More information

Configure WorkGroup Bridge on the WAP131 Access Point

Configure WorkGroup Bridge on the WAP131 Access Point Article ID: 5036 Configure WorkGroup Bridge on the WAP131 Access Point Objective The Workgroup Bridge feature enables the Wireless Access Point (WAP) to bridge traffic between a remote client and the wireless

More information

White Paper. Wireless LAN Security. Copyright Madge Limited. All rights reserved.

White Paper. Wireless LAN Security. Copyright Madge Limited. All rights reserved. White Paper Wireless LAN Security Copyright 2002-2003 Madge Limited. All rights reserved. 1 Introduction As wireless LANs become widely deployed, and the business benefits become clear, concern has grown

More information

1. Scope and objectives. 2 Introduction IEEE GPP TSG SA WG3 Security S July 9 July 12, 2002 Helsinki, Finland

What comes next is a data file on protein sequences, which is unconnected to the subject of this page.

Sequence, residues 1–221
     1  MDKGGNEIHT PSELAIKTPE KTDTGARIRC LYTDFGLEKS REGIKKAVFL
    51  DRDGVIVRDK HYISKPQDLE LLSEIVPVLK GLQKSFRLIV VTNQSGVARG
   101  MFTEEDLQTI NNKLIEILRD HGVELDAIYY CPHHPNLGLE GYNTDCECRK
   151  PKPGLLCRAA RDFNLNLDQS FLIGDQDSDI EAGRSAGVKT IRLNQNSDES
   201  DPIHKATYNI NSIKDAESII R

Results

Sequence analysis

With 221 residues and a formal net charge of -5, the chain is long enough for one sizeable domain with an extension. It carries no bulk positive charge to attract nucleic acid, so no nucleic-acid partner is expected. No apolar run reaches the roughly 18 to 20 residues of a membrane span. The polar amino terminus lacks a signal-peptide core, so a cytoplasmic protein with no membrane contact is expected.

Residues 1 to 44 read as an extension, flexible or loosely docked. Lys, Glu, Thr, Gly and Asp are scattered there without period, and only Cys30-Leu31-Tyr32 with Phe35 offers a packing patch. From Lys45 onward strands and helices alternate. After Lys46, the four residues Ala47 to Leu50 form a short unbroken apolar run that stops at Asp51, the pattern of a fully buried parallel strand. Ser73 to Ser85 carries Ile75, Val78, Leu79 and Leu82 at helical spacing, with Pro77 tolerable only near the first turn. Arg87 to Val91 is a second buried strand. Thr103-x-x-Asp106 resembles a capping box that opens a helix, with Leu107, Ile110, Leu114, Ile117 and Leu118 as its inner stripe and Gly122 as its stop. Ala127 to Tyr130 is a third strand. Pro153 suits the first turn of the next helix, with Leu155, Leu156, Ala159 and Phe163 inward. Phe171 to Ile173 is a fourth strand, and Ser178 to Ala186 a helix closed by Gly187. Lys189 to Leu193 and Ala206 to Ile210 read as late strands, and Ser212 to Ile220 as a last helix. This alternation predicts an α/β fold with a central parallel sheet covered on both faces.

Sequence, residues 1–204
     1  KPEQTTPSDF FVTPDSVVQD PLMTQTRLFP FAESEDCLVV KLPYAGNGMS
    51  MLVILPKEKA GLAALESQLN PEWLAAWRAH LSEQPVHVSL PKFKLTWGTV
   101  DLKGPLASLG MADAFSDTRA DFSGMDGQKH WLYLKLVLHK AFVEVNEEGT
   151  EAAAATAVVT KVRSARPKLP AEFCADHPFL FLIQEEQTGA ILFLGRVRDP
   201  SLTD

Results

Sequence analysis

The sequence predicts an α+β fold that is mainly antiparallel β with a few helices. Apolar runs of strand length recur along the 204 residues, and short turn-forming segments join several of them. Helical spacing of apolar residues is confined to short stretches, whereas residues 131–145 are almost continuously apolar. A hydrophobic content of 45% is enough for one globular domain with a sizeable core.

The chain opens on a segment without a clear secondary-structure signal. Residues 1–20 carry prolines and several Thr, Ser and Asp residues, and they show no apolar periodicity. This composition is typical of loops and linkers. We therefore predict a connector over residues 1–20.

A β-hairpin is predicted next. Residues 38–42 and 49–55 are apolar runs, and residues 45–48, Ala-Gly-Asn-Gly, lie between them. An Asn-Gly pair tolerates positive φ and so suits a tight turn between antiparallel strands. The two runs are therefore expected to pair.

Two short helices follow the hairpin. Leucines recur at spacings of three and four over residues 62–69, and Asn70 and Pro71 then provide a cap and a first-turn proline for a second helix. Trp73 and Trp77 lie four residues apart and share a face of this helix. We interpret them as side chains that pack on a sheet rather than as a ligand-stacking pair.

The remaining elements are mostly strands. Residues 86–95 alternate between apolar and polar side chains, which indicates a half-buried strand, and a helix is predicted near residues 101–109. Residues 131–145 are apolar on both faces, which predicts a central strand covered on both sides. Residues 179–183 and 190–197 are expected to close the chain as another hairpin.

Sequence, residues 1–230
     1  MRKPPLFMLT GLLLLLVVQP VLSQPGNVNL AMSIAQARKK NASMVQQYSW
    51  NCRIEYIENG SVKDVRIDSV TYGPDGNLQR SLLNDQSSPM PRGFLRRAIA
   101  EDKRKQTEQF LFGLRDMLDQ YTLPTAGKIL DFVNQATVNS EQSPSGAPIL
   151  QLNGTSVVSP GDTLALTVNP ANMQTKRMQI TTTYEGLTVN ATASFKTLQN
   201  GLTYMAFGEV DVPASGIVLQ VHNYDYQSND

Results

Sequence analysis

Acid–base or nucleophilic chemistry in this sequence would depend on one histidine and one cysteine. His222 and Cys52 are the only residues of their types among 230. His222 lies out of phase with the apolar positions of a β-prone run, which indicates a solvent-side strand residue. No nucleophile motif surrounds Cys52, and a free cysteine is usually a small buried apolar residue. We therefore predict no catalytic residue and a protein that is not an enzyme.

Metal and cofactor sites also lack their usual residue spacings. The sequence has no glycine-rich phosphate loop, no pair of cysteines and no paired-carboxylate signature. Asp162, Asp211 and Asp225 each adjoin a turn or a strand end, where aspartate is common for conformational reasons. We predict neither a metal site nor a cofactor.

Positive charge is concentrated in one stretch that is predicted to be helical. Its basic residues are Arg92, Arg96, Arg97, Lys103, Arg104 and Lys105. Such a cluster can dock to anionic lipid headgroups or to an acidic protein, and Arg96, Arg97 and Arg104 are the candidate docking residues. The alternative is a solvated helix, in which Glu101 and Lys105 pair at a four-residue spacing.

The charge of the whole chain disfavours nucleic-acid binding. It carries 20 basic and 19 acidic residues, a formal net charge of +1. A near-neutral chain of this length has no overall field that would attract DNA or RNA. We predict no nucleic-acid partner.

1. Scope and objectives. 2 Introduction IEEE GPP TSG SA WG3 Security S July 9 July 12, 2002 Helsinki, Finland TSG SA WG3 Security S3-020341 July 9 July 12, 2002 Helsinki, Finland Agenda Item: 7.9 Source: Ericsson Title: Introduction of IEEE 802.11 Security Document for: Discussion 1. Scope and objectives This

More information

Wireless Security. Jason Bonde ABSTRACT. 2. BACKGROUND In this section we will define the key concepts used later in the paper.

Wireless Security. Jason Bonde ABSTRACT. 2. BACKGROUND In this section we will define the key concepts used later in the paper. Wireless Security Jason Bonde University of Minnesota, Morris bond0107@morris.umn.edu ABSTRACT Wireless internet has become a popular way of accessing the Internet. While wireless internet does have the